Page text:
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Alito: Americans Will Regret Court’s Allowance Of ‘Blatantly Unconstitutional’ Censorship

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‘It was blatantly unconstitutional, and the country may come to regret the Court’s failure to say so,’ Alito wrote in his dissent.

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Justice Samuel Alito minced no words in his public evisceration of the Supreme Court’s 6-3 Murthy v. Missouri decision to greenlight the Biden administration’s flagrant First Amendment violations.

Justice Amy Coney Barrett, joined by Chief Justice John Roberts and Justices Brett Kavanaugh, Sonia Sotomayor, Elena Kagan, and Ketanji Brown Jackson, officially endorsed the federal government’s widespread attempt to silence dissidents on Wednesday when she concluded that the plaintiffs who brought the case lacked standing because the White House seemingly backed off of its censorship campaign after its 2022 infractions.

Alito, joined in his dissent by Justices Clarence Thomas and Neil Gorsuch, wrote that Americans, however, will likely regret the high bench’s decision to rubber stamp “blatantly unconstitutional” abuses, which are likely to continue since they were not punished.

“What the officials did in this case was more subtle than the ham-handed censorship found to be unconstitutional in Vullo, but it was no less coercive,” he began. “And because of the perpetrators’ high positions, it was even more dangerous. It was blatantly unconstitutional, and the country may come to regret the Court’s failure to say so.”

While most of his colleagues mocked self-censorship, Alito and his fellow dissidents accurately classified Big Tech and the Biden administration’s coordinated attempt to suppress online speech, especially during the media-fueled panic over Covid-19, as a “serious threat to the First Amendment” that warrants intervention.

The plaintiffs, he wrote, were “indisputably injured” and met the traceability and redressability standards the court requires to weigh in. Yet, they were denied justice when the majority of the court’s bench declined to see the value in ruling on the merits of “one of the most important free speech cases to reach this Court in years.”

“We are obligated to tackle the free speech issue that the case presents. The Court, however, shirks that duty and thus permits the successful campaign of coercion in this case to stand as an attractive model for future officials who want to control what the people say, hear, and think,” Alito wrote.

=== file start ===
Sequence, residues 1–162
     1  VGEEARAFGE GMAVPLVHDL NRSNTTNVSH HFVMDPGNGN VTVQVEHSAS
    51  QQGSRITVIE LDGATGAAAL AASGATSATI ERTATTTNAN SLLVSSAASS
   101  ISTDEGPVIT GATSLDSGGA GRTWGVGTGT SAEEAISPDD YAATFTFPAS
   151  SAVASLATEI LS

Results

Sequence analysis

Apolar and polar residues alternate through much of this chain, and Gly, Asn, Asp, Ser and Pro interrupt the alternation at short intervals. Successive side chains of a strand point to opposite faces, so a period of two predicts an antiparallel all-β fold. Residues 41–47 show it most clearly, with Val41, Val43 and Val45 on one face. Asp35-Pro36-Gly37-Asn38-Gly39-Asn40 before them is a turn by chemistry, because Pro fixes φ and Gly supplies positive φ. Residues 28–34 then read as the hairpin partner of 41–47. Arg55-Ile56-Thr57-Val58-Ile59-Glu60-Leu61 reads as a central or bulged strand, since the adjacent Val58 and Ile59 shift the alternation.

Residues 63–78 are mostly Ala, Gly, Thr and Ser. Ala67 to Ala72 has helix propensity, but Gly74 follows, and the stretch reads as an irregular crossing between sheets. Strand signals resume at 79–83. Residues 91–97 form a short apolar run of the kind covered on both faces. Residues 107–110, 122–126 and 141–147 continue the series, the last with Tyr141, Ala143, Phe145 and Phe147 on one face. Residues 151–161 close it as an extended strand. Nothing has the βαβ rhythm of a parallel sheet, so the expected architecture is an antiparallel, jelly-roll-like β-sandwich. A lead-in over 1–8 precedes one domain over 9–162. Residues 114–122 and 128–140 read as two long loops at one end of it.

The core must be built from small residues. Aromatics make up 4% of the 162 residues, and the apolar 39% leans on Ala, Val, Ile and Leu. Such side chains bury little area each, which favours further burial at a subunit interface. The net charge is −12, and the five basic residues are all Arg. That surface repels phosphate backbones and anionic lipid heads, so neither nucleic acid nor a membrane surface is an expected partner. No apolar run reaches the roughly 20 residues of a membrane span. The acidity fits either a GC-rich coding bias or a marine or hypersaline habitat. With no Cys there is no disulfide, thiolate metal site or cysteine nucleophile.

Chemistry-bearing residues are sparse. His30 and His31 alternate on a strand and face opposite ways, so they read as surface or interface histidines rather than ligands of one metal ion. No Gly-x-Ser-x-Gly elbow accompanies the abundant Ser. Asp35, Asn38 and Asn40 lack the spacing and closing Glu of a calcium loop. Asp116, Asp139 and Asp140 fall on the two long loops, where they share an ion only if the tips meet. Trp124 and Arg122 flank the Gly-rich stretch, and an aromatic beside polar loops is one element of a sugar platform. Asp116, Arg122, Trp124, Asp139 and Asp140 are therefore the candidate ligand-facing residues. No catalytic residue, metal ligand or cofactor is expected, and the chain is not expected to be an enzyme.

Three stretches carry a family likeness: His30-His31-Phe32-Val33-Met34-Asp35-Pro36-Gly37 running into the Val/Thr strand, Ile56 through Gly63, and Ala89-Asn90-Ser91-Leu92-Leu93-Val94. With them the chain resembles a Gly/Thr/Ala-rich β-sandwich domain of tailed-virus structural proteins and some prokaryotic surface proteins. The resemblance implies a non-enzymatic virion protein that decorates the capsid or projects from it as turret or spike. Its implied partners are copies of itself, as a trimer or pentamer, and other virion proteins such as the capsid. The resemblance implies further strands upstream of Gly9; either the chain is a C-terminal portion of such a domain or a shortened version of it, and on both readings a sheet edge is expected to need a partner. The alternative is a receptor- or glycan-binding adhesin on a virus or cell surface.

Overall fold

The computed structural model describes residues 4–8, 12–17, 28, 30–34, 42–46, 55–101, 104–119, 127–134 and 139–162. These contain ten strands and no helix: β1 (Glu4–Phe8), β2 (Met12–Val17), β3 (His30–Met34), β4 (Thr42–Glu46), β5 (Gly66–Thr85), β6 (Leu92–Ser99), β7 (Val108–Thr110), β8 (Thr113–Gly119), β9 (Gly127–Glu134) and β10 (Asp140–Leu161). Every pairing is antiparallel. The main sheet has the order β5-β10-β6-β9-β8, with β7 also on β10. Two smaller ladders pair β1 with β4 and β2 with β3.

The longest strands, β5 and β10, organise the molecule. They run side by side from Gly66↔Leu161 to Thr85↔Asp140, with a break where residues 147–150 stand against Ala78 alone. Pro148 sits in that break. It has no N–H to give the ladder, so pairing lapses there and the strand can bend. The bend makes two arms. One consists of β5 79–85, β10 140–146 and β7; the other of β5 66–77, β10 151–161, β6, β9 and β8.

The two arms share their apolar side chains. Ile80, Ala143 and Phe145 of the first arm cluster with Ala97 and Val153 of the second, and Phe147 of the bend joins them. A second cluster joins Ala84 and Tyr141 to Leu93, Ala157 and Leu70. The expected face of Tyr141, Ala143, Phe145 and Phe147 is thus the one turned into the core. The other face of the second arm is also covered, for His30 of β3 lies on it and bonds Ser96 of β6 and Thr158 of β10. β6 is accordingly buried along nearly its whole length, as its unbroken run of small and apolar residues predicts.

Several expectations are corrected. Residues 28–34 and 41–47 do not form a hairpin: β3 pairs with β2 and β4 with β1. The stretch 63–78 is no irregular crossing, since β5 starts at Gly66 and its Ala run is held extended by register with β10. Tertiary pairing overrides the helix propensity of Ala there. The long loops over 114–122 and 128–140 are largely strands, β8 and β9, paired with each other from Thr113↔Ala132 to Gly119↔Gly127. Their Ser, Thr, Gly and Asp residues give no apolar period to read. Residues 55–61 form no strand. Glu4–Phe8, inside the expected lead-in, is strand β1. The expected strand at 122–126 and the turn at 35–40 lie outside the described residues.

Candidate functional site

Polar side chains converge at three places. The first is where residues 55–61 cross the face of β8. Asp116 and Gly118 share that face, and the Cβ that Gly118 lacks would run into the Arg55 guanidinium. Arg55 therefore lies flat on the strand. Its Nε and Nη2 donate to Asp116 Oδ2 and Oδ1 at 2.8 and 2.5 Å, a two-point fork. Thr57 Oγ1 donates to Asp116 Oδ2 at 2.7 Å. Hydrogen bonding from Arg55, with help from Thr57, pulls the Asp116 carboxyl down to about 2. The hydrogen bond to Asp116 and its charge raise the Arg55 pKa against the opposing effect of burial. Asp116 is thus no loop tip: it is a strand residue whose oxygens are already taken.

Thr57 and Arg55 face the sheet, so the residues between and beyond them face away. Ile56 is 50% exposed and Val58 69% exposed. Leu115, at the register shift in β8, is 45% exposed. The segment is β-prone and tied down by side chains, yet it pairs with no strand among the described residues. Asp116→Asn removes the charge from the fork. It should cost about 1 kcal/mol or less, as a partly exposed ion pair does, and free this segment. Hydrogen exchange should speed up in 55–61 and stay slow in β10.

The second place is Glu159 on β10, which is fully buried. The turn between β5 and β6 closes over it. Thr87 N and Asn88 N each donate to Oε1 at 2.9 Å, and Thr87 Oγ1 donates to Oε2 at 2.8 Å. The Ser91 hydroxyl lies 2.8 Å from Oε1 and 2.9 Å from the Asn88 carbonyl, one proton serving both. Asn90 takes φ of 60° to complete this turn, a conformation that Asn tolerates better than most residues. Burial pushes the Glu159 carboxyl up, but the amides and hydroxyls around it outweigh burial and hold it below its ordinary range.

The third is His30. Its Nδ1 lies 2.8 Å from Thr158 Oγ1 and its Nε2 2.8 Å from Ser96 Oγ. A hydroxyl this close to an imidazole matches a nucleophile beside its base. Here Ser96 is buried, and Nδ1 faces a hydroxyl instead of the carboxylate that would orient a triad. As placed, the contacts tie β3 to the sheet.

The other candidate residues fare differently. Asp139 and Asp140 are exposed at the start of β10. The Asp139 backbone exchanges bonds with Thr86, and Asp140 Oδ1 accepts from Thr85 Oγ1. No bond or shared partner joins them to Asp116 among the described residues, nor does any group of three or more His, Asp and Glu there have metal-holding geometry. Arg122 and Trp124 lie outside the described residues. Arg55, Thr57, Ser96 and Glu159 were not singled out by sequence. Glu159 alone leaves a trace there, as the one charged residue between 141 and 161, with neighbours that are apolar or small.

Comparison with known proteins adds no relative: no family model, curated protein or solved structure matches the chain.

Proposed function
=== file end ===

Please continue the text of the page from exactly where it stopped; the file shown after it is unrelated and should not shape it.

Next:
The dissenting justice noted that there is a trove of evidence and communications proving that Americans’ free speech right to discuss their opinions online was routinely infringed to satisfy the wishes of the federal government. He spent pages of his dissent rehashing all the ways the White House leveraged its power to coerce Big Tech into shutting up Americans with any opinions the president’s team deemed unsavory.

Alito determined that Missouri and Louisiana adequately demonstrated that social media companies, unlike newspapers, “have a powerful incentive to please important federal officials.”

“[A]nd the record in this case shows that high-ranking officials skillfully exploited Facebook’s vulnerability. When Facebook did not heed their requests as quickly or as fully as the officials wanted, the platform was publicly accused of ‘killing people’ and subtly threatened with retaliation,” he wrote.

Alito concluded his written thrashing with a warning that the threat of government censorship “did not come with expiration dates” or lose steam “merely because White House officials opted not to renew them on a regular basis.”

On the contrary, he wrote that Facebook and other Big Tech companies’ publicized promise to “continue reporting to the White House and remain responsive to its concerns for as long as the officials requested” suggests this will be an ongoing losing battle for Americans who want to speak their minds on social media.


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